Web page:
Instantly attracted to each other, the pair join forces as a twisted “couple”, resolved to kill as often and as many as they can…

Escaping into New York they soon encounter and battle a mystical, nigh-mindless Spider-Man Doppelganger – which has been stalking the Webslinger since the end of the Infinity War crossover event – and adopt it. Together, the ultimate embodiment of a dysfunctional family set out to teach the city the pointlessness of life and the imminent inevitability of remorseless death…

Peter meanwhile has quarrelled with Mary Jane, but after making up, he hears of the bloodbath at Ravencroft and dutifully rushes off to recapture Carnage. Utterly unprepared for the trio of terror, he is savagely beaten: barely escaping with his life…

The tale continues in ‘Dark Light: Maximum Carnage  Part 2’ (Web of Spider-Man #101, by Terry Kavanagh, Alex Saviuk & Don Hudson) wherein the incapacitated Arachnid is accosted by street thugs hungry for vengeance and only saved by the appearance of homeless vigilantes Cloak and Dagger.

These nomadic teens are juvenile runaways who fell into the clutches of drug-pushing gangsters. Amongst a group of abducted kids they were used as guinea pigs for new designer drugs, but though all other test subjects died horribly, Tyrone Johnson and Tandy Bowen were mutated by the chemical cocktail into something more – and less – than human.

Isolated, alone, and vengeful they swore to help other lost kids by fighting drug dealers and all who preyed on the weak in the blackest corners of New York City.

Cloak is connected to a dimension of darkness: able to teleport, become intangible, amplifying and feeding on the wickedness in his targets. His unceasing hunger for negative emotions must be regularly – if only temporarily – sated by super-acrobat Dagger’s dazzling radiance. Her power too has advantages and hazards. The light can cleanse the gnawing dependency afflicting addicts, but constantly, agonizingly, builds up within her when not released. Thus Cloak’s incessant hunger can be assuaged by her light-knives and his apparently insatiable darkness.

Whilst tending to Spider-Man – whose injuries include cripplingly painful broken ribs – Cloak & Dagger are ambushed by the Carnage clan and the consequent catastrophic clash razes the church they are sheltering in.

Shriek especially revels in chaos. She has battled Cloak before and loathes him, taking sublime joy in tormenting him. Her greatest triumph comes when she uses her sonic powers to disintegrate his beloved Dagger before his horrified eyes…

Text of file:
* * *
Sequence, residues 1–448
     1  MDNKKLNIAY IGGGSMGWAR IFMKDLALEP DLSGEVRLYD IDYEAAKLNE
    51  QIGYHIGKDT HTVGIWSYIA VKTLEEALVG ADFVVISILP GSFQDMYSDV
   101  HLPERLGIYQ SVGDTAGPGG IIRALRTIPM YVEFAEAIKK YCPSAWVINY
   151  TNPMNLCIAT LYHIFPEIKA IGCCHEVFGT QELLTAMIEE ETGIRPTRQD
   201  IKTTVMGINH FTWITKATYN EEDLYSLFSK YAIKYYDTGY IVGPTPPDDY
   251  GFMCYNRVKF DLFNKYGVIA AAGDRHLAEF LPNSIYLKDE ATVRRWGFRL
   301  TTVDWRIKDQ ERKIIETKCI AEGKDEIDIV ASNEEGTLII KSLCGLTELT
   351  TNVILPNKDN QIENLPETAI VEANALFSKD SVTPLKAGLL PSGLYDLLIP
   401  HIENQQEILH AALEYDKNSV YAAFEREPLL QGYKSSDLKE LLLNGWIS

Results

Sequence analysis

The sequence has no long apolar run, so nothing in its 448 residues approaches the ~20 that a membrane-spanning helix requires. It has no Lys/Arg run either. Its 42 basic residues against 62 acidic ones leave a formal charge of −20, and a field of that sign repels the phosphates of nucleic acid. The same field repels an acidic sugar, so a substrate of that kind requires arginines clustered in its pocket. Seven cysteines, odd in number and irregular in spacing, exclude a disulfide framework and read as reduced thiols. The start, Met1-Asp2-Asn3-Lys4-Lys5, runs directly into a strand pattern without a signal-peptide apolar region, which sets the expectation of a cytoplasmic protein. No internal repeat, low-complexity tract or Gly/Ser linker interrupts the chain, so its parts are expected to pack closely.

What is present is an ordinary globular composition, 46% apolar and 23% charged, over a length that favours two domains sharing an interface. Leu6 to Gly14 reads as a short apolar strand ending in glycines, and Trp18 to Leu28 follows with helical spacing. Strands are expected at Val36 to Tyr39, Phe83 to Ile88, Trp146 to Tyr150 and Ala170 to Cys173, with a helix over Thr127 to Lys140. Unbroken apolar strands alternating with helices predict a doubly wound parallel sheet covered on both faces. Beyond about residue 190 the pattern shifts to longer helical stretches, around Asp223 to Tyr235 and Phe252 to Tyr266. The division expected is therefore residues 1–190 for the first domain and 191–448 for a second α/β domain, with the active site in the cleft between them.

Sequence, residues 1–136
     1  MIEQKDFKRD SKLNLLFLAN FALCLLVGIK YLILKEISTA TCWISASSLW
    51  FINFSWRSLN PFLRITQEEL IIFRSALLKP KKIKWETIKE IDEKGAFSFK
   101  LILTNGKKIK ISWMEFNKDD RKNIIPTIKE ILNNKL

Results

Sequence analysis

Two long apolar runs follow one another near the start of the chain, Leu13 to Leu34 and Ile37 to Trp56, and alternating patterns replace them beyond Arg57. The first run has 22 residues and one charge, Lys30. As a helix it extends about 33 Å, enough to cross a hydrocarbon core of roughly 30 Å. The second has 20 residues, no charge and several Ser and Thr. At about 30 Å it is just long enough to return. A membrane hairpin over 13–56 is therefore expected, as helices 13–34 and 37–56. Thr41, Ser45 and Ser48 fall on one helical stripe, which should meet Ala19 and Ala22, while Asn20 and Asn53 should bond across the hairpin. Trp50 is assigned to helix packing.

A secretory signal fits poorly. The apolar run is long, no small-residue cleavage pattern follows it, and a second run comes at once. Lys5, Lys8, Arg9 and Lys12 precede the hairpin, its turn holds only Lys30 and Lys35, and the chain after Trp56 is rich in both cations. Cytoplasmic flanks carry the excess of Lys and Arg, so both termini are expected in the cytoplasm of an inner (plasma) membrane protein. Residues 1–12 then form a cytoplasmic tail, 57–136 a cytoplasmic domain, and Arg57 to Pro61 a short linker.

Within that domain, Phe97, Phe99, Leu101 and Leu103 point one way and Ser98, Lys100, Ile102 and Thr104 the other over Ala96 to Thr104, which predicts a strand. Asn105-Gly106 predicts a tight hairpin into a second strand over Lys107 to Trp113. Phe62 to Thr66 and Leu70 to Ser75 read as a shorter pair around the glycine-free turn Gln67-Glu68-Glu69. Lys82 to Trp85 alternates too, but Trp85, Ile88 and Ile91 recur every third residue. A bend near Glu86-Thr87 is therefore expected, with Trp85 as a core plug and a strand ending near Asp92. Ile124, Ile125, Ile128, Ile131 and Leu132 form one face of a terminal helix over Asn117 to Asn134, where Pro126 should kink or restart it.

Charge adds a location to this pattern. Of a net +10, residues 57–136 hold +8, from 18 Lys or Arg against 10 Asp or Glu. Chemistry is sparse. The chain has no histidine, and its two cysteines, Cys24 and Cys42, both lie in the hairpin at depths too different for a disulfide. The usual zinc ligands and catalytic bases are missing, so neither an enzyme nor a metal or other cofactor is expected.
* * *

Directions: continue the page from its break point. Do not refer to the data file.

Succeeding chapters open with ‘Demons on Broadway’ (Amazing Spider-Man #378, by Michelinie, Bagley & Randy Emberlin) ramp up the tension as Venom returns to New York, determined to exterminate the appalling threat he inadvertently created. Severely wounded, Spider-Man seeks to console Cloak who is crazed with grief and fury. Elsewhere Carnage, Shriek and Doppelganger are simultaneously gloating, planning further bloodshed and fighting each other…

When Cloak disappears in a blink of black torment the barely conscious Wallcrawler resumes his search for the trio of horrors and instead stumbles upon another old foe – Demogoblin.

Originally a science-powered super-crook, the mercenary killer was cursed: mystically transformed into a supernatural scourge dedicated to cleansing Earth of sin. To his diseased mind that means slaughtering humans because they are all sinners…

As the messianic devil thrashes the utterly exhausted and overstretched Spider-Man in Central Park, Venom tracks down Kasady but is similarly crushed by Doppelganger, Shriek and his sadistically exultant “offspring”…

Brock barely escapes with his life and crawls to Peter and Mary Jane’s apartment in Spider-Man #35, driving Mrs. Parker crazy with fear and resentment. It seems as if the entire city is on the edge and ready to explode in rage, negativity and violence…

As Spider-Man resigns himself to working again with his murderous worst nightmare, Demogoblin joins Carnage’s fiendish family. The good guys recruit Peter’s ex-girlfriend The Black Cat to even the odds in ‘Team Venom’ (Michelinie, Tom Lyle & Scott Hanna), but by the time they find their constantly bickering homicidal foes, Cloak has already impetuously attacked them and lies close to death…